First home unaffordable (letter)by James GilchristNews Weekly
, August 4, 2007
I wish to add my support to Mark Florio's contention regarding housing affordability for families and first-home buyers (News Weekly
, June 9 and July 7, 2007).
While watching yet another young entrepreneur being lauded on Channel Nine's A Current Affair
for owning 17 properties, it occurred to me that there may be something inequitable, perhaps even absurd, in our present system, under which many families are unable to afford to buy a single home.
A 2003 Reserve Bank submission confirmed the disproportionate impact of investors upon real estate prices and its consequent negative impact upon first-home buyers. (See Mike Steketee in The Australian,
12 July 12, 2007).
Meanwhile, the Federal Government's proposed solution to the now conspicuous "housing shortage" — a solution which has electoral sweetener written all over it — is to unlock Commonwealth land for those unable to buy into the market.
This seems destined to generate further urban sprawl with little effective infrastructure, services or access to public transport. Moreover, it will lead to greater traffic congestion for those in outer suburbs and probably a fairly drab lifestyle for those compelled to live there — in short, further steady progress in turning our major cities into Los Angeles and Detroit.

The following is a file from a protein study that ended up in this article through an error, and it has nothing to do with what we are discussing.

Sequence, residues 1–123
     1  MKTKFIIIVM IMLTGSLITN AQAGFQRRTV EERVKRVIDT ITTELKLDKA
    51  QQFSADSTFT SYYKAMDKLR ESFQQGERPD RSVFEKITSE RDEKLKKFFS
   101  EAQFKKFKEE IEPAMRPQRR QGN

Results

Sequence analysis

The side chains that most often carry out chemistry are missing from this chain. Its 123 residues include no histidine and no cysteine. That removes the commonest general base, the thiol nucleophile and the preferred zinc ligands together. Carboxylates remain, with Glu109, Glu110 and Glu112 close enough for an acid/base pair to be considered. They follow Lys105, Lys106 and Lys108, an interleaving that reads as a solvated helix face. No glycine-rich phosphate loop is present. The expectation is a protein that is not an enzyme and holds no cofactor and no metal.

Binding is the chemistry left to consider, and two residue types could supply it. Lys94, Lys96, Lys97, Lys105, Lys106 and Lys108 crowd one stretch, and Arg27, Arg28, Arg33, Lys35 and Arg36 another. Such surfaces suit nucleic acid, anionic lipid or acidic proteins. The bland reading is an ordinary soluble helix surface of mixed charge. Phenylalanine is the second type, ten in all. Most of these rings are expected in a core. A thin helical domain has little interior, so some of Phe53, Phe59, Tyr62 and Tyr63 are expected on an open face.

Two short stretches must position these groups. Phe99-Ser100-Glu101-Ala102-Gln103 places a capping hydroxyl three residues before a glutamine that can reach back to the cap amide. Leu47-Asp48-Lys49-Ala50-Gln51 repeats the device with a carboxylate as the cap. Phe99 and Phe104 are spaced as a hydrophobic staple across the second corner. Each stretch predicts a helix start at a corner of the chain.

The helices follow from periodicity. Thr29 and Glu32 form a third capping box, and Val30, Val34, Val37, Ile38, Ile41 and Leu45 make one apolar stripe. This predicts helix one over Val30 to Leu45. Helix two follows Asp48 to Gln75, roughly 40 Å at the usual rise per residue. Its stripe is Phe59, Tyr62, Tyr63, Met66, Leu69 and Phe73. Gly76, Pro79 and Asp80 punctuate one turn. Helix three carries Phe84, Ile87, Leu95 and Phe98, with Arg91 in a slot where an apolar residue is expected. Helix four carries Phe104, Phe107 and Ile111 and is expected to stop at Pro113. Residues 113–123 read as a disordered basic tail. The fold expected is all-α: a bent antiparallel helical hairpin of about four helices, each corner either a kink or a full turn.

Although not an economist, I can't but wonder why the Government fails to choose a more fair, just and equitable solution, such as offering greater tax incentives to home-owners rather than investors, thereby spreading existing housing more evenly among our population.
My wife and I, although lucky enough to have scraped into the housing market, would be better off evicting ourselves, along with our children, to live in a rental property rather than staying in our own home, because then we would be "investors".
Does this strike anyone else as absurd? Once again, capitalist individualism becomes a greater imperative than the common good.
If either major party feels genuine sympathy for "battlers", they should appropriately address this area rather than offering short-term palliatives.James Gilchrist,